State of emergency in Kyrgyzstan as troops deployed amid growing unrest

Protesters rally in the central square in Bishkek on Wednesday.

Bishkek, KyrgyzstanKyrgyz President Sooronbai Jeenbekov declared a state of emergency in the capital Bishkek on Friday and ordered troops to deploy, as supporters of rival political groups took to the streets after days of unrest following an overturned election.

A Reuters journalist in the capital heard gunshots and saw demonstrators from rival groups throwing rocks and bottles at each other and scuffling. One of the groups scattered, averting further violence, and there appeared to be no fatalities.
Jeenbekov's office said in a statement the state of emergency, which includes a curfew and tight security restrictions, would be in effect from 8 p.m. on Friday until 8 a.m. on October 21.
    His order did not say how many troops would be deployed but they were instructed to use military vehicles, set up checkpoints, and prevent armed clashes.
    Earlier the president had said he was ready to resign once a new cabinet was appointed.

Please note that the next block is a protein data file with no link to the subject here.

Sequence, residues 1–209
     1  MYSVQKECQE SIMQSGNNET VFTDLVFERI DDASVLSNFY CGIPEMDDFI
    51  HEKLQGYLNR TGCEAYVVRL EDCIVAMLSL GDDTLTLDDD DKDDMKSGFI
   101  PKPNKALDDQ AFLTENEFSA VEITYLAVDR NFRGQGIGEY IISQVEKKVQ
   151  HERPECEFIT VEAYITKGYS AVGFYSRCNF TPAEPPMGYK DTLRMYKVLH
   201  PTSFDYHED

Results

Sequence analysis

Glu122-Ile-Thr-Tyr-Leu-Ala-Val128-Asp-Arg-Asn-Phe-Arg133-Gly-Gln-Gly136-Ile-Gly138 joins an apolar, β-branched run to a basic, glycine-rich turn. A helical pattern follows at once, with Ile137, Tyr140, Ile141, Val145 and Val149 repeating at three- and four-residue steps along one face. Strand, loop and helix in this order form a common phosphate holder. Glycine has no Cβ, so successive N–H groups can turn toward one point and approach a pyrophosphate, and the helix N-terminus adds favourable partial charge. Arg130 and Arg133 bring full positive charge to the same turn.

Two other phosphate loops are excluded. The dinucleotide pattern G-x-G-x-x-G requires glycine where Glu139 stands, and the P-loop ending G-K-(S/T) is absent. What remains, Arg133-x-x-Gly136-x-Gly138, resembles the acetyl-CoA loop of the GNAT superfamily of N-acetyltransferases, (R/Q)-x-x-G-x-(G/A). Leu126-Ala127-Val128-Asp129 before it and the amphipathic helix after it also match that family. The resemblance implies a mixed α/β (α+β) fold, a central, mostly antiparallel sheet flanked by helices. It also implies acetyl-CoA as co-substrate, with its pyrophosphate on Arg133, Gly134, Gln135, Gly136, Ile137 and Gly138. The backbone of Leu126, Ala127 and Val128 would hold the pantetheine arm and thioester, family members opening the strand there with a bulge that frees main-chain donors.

The country has seen a power vacuum, with opposition groups quarrelling among themselves since seizing government buildings and forcing the cancellation of results from Sunday's parliamentary election.
    Opposition supporters seized government buildings and demanded a new vote after widespread claims of vote-rigging in the parliamentary election.
    Two leading opposition figures reached an agreement to join forces on Friday, and won the backing of Jeenbekov's predecessor as president, Almazbek Atambayev. But their followers and followers of other groups held rival rallies, which politicians said posed a danger of violence.
    Russia has described the situation in Kyrgyzstan, which borders China and hosts a Russian military base, as "a mess and chaos."
    The crisis tests the Kremlin's power to shape politics in its former Soviet sphere of influence, at a time when fighting has erupted between Armenia and Azerbaijan, and Belarus is also engulfed in protests.
    The opposition is divided between 11 parties which represent clan interests in a country that has already seen two presidents toppled by popular revolts since 2005.
    Rival candidates for the premiership Omurbek Babanov and Tilek Toktogaziyev joined forces on Friday, with Toktogaziyev agreeing to serve as Babanov's deputy. They were backed by four parties, local news website 24.kz reported.
    Protesters lit a bonfire in front of the seized main government building, known as the White House, on October 6.